Order your copy of 10 Things College Students Need to Know About Money for $10 today!

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You can also purchase the book for full price at Amazon.com.

Pretending to be Financially Secure

aightI just read Unemployed, 55, and Faking Normal. The article is about women that are now unemployed or underemployed. These are women that are educated. These are women that are used to living comfortably. Now, they are looking at homeless people and wondering how similar their stories might be. The first bit that really jumped out to me was:

The gender wage disparity gap costs women $431,360 over the course of their lives, according to the Center for American Progress.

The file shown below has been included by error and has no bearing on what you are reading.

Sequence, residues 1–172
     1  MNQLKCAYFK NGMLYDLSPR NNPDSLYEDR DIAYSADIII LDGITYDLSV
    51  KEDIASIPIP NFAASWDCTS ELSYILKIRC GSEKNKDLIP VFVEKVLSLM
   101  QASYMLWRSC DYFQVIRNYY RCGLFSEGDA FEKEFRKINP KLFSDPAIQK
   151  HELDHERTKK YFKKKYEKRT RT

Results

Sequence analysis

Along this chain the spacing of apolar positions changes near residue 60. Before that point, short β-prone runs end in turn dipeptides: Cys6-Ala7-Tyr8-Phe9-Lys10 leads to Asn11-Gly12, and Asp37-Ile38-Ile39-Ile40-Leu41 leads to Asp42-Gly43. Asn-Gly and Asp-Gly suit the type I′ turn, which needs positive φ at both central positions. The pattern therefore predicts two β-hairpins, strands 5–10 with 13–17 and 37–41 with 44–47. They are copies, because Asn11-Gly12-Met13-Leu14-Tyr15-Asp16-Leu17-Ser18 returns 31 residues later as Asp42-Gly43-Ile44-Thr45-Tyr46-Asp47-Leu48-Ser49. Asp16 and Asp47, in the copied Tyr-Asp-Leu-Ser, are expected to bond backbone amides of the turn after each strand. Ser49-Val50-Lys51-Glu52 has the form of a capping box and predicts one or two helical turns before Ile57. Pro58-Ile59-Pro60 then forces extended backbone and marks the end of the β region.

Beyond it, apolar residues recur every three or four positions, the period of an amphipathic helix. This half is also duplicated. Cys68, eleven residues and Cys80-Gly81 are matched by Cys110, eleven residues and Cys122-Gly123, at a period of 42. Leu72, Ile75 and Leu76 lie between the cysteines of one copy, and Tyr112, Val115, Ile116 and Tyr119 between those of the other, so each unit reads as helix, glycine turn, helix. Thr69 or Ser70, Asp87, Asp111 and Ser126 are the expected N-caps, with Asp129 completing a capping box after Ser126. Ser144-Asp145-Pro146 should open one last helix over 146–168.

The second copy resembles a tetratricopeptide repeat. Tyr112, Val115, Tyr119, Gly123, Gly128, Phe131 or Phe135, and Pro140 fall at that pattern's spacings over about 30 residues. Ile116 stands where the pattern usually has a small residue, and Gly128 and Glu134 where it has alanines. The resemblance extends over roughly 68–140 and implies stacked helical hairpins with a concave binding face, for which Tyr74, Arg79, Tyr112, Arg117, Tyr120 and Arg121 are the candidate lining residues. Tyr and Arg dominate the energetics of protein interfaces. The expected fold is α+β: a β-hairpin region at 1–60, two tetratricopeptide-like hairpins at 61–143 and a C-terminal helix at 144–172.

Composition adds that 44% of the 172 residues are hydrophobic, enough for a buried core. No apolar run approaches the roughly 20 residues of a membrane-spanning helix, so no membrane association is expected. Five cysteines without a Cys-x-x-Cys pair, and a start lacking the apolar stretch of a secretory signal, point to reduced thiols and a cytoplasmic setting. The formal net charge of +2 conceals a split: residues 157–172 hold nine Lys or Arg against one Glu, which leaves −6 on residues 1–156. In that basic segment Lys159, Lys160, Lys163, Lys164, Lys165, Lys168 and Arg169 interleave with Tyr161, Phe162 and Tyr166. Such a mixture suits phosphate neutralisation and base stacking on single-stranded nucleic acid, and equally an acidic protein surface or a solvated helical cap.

That is a LOT of money. We know that women earn less (last count was $0.73 on the dollar) than men and live longer than men (women will die at 81 while men will die at 76, according to the Center for Disease Control) so women are caught in a double whammy.

The prospect is even worse if you are a woman of color: Today, three in 10 single black women over 65 and early 4 in 10 older single Hispanic women live in poverty, a rate more than twice that of white women, according to the Women’s Institute for a Secure Retirement (WISER).

What can we do to change this?

#1 Educate girls and women about personal finance concepts like compound interest, dollar cost averaging, net worth, etc.

#2 Start girls saving (in credit unions) and investing (in individual stocks or mutual funds) early.

#3 Encourage girls and women to grow a skill set that will bring in enough money for them to live on and grown their investments.

#4 Provide information to help girls and women invest in retirement accounts as soon as they have earned income (first job).

Social security won’t cover all your costs in retirement and having a job in your 20s or 30s doesn’t mean you won’t be unemployed in your 50s or 60s. Taking the time to invest in yourself might be the difference between surviving and thriving. Start now.